What they'll do to the budget

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By Pat Regnier, Money Magazine assistant managing editor

Sounds like you'll do okay with either guy, right? Well, here comes the spoiler: Those cuts won't come for free.

Even before the financial crisis came up, the government had been running significant budget deficits. And it will continue to do so under both the Obama and McCain plans, at least if spending comes in as the Congressional Budget Office projects.

Plus, there are even bigger fiscal challenges coming down the road, thanks to rising costs in Medicaid and, to a much lesser extent, Social Security.

Here's why that matters: The economic drag of debt can offset whatever growth you'd hope to stimulate with the tax cuts. And eventually, somebody's going to have to pay the bill. Yes, that means you - or your kids.

Says Andrew Yarrow, vice president of Public Agenda: "The sad but sort of obvious truth is that taxes will have to go up in the aggregate." Just not in this term apparently.

Both sides say they'll slash spending as well as taxes. Color the TPC's Williams skeptical. "They say they'll get rid of unnecessary spending, but most of the specific action is on the tax side," he says.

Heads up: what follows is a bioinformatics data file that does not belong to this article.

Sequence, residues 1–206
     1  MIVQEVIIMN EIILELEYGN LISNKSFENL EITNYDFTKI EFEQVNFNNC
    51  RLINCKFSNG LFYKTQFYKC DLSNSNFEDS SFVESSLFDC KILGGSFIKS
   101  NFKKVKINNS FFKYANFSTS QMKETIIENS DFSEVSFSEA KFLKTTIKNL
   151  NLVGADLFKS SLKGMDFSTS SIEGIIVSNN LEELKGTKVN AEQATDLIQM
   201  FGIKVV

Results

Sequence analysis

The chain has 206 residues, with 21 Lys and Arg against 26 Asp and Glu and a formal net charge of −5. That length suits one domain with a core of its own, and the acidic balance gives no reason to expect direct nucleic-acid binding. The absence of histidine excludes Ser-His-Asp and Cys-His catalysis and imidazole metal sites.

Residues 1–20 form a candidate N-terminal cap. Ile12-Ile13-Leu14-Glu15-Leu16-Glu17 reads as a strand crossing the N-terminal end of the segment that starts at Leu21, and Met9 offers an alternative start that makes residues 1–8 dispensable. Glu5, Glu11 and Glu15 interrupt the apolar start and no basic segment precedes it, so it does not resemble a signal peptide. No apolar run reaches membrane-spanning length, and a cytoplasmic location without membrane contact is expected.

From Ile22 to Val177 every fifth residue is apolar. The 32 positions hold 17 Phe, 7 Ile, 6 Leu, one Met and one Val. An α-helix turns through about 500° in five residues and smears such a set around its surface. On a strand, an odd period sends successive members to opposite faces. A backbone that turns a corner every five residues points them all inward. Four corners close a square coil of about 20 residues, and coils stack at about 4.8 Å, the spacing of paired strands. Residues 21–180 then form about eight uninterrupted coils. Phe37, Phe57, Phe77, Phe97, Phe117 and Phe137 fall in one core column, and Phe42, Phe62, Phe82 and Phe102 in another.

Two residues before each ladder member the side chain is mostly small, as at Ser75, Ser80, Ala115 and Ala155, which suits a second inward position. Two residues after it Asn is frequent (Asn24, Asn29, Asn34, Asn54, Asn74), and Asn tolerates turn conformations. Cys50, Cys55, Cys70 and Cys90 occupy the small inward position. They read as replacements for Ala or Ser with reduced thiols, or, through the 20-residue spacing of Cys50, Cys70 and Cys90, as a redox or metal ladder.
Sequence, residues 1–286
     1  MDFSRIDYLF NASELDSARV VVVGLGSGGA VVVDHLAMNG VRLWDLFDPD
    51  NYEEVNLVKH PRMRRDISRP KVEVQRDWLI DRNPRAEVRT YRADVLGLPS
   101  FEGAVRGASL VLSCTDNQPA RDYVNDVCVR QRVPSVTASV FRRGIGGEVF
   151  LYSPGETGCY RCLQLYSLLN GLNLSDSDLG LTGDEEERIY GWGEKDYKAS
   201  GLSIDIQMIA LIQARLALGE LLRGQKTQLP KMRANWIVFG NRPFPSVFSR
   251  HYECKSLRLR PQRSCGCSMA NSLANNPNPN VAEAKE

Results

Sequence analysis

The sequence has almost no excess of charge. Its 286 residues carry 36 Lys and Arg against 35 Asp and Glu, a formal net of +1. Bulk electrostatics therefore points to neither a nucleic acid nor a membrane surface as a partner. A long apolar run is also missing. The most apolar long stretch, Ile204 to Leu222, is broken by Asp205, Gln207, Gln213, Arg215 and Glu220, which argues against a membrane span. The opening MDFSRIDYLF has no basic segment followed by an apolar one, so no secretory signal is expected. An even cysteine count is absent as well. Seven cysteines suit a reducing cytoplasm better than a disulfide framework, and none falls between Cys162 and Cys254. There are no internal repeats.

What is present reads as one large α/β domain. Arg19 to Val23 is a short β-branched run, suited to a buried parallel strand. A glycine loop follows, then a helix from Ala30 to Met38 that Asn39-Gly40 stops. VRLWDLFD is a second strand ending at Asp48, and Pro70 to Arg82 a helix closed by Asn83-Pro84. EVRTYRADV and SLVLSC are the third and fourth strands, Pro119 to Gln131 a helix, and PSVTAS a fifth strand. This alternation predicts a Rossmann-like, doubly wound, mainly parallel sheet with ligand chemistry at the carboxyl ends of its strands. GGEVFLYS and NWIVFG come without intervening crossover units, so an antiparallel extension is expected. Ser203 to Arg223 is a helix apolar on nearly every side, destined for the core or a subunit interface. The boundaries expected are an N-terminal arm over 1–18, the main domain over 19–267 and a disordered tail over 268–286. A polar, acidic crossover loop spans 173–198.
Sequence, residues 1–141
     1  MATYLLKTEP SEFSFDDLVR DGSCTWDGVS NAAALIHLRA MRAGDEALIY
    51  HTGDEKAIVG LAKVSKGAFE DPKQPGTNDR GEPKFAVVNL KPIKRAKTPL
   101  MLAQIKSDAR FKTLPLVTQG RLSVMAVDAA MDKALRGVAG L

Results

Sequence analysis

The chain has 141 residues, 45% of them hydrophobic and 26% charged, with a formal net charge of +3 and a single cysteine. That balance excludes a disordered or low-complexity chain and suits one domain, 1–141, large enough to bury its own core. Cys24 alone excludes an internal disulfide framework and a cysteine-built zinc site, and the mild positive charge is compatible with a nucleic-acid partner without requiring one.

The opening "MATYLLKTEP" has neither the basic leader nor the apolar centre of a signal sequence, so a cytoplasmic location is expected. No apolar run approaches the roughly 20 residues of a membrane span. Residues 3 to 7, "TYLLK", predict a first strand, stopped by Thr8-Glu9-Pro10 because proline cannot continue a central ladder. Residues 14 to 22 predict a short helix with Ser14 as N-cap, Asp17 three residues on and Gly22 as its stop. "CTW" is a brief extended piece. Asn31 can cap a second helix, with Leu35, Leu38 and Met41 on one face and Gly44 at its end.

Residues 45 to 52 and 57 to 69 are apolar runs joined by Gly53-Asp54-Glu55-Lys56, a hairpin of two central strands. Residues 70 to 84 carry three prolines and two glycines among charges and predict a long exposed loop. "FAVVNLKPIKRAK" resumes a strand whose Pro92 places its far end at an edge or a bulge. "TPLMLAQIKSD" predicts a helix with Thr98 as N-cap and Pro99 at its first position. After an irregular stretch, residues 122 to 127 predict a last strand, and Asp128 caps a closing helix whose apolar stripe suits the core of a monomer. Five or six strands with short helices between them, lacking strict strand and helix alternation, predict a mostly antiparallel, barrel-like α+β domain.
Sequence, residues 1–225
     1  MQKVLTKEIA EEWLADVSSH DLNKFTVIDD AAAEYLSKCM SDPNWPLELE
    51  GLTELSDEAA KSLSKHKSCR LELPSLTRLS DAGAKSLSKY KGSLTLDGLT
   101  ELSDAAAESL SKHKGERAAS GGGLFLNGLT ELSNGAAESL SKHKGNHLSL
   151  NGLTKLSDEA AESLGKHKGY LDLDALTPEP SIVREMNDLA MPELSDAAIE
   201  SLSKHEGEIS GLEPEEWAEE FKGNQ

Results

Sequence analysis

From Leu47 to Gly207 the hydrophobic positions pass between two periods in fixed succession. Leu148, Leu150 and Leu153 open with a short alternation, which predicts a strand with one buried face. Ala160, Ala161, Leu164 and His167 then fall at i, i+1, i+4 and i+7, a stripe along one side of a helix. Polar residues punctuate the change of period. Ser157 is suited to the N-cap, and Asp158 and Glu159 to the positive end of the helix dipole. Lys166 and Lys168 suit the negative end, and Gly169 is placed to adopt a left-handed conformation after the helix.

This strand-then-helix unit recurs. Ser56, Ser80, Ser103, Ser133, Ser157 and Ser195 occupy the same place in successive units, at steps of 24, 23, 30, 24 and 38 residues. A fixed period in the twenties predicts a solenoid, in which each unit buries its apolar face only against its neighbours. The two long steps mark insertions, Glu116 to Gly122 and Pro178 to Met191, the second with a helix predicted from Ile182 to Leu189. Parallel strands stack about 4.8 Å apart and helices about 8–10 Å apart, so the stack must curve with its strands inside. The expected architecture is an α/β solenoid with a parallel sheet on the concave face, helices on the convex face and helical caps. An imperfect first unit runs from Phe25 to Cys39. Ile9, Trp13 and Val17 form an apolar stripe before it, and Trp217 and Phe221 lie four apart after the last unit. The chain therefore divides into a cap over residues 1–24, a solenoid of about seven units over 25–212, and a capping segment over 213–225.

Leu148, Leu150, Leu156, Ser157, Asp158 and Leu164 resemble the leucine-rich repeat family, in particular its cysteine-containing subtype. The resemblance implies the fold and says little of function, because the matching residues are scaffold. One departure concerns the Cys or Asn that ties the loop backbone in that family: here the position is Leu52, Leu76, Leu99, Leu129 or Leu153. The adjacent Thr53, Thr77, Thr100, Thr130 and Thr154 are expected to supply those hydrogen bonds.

Obama needs to find fewer cuts, since his tax plan would raise $1.2 trillion more in revenue than McCain's plan over the next 10 years. And of course, he plans to get out of Iraq sooner, which should certainly save the country a few bucks.

But he also has big ambitions for government at home, which will undoubtedly cost more than he hopes. And unlike McCain, he hasn't committed to a date for balancing the budget.

"We have to recognize that [the deficit puts us] in a very deep fiscal hole," says Jason Furman, Obama's economic policy director. "We're also in a deep hole in terms of middle-class income, health care, college and a lot of the most important things in our society. We're not going to solve both those problems in Year One of an Obama administration."

Obama has acknowledged that the current financial crisis means he won't be able to push for his full agenda early in his term but hasn't said what he'd put on the back burner.

McCain talks even more about aggressive spending cuts - and he'll need them. Trouble is, there aren't a lot of easy targets: The earmarks McCain so often attacks are a tiny slice of the budget - just $18 billion vs. a $500 billion deficit. His domestic policy advisor, Douglas Holtz-Eakin, talks about reining in Social Security and Medicare spending.

Point out that these are two of the more bulletproof programs on the Hill, and Holtz-Eakin responds, "That's why you have to change the focus of Washington. Look, the people who are afraid of John McCain are the people who think he might succeed."

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